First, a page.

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Photo: Bill O'Leary/The Washington Post via Getty Images

America is overparked. In Los Angeles, for example, there are 9 parking spaces for every car. Nationally, 250 million adults have access to more than 700 million parking spaces. That adds up: The U.S. dedicates an area the size of Connecticut to parking.

The big picture: As an alternative to personal car ownership, self-driving cars will allow cities to be rebuilt around people. Ride-sharing fleets in particular could transform the use of valuable urban real estate, turning the asphalt jungle back into spaces communities can use for anything from dedicated bike and scooter lanes to on-street parklets or even housing.

Today, the average vehicle is in use only 4% of the time. By contrast, studies suggest that self-driving fleets will be in use more than 75% of the time. A more efficient fleet means less time parked — and more space to repurpose. In San Francisco alone, over 50 parklets have sprung up across the city since Rebar Group converted the first parking space back in 2005.

When self-driving cars do need to park (at low-demand hours, for instance), they can do so more precisely than a human. While parking lots currently budget around 325 square feet per car, Audi estimates that self-driving cars will shave as much as 30% off that number, saving roughly 2,000 square miles of parking.

They will also save riders time: In Westwood Village, a shopping strip in Los Angeles, consumers spend approximately 95,000 hours each year circling for parking — that’s 11 years of wasted time, in just one small stretch of roadway.

What to watch: As shared and autonomous vehicles continue to change our transportation choices, we should expect to see the footprint of our cities change with them.

Jody Kelman is director of the Self-Driving Platform team at Lyft.

Go deeper

7 mins ago - World

Maximum pressure campaign escalates with Fakhrizadeh killing

Photo: Fars News Agency via AP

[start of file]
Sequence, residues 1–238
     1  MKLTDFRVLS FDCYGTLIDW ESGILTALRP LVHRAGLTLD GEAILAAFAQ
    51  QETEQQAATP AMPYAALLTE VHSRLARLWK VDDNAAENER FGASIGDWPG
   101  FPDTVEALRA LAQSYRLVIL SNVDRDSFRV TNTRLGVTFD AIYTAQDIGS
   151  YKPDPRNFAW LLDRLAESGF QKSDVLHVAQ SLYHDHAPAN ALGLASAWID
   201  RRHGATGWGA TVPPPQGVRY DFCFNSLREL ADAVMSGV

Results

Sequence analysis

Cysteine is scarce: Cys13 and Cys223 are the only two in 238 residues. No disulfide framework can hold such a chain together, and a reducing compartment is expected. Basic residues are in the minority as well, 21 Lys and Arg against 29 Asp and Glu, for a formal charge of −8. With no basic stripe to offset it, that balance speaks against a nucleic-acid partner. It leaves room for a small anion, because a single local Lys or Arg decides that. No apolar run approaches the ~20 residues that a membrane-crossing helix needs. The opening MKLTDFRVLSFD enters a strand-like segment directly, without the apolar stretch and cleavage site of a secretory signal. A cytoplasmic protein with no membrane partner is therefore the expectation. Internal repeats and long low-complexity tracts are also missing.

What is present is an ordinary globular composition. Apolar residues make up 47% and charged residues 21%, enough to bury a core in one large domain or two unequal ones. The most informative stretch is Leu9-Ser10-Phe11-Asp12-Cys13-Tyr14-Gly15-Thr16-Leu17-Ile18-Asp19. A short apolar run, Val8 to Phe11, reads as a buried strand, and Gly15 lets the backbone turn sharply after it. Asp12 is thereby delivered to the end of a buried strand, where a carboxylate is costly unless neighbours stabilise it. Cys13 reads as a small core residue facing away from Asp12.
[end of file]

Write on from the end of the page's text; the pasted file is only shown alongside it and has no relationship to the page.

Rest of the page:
The assassination of Mohsen Fakhrizadeh, the architect of Iran’s military nuclear program, is a new height in the maximum pressure campaign led by the Trump administration and the Netanyahu government against Iran.

Why it matters: It exceeds the capture of the Iranian nuclear archives by the Mossad, and the sabotage in the advanced centrifuge facility in Natanz.

Scoop: Biden weighs retired General Lloyd Austin for Pentagon chief

Lloyd Austin testifying before Congress in 2015. Photo: Chip Somodevilla/Getty Images

Joe Biden is considering retired four-star General Lloyd Austin as his nominee for defense secretary, adding him to a shortlist that includes Jeh Johnson, Tammy Duckworth and Michele Flournoy, two sources with direct knowledge of the decision-making tell Axios.

Why it matters: A nominee for Pentagon chief was noticeably absent when the president-elect rolled out his national security team Tuesday. Flournoy had been widely seen as the likely pick, but Axios is told other factors — race, experience, Biden's comfort level — have come into play.

Updated 2 hours ago - Politics & Policy

Coronavirus dashboard

Illustration: Sarah Grillo/Axios

  1. Health: WHO: AstraZeneca vaccine must be evaluated on "more than a press release."
  2. Politics: Supreme Court backs religious groups on New York COVID restrictions.
  3. World: Thailand, Philippines sign deal with AstraZeneca for vaccine.
  4. Economy: Safety nets to disappear in December Black Friday shopping across the U.S., in photosAmazon hires 1,400 workers a day throughout pandemic.
  5. Education: National standardized tests delayed until 2022.

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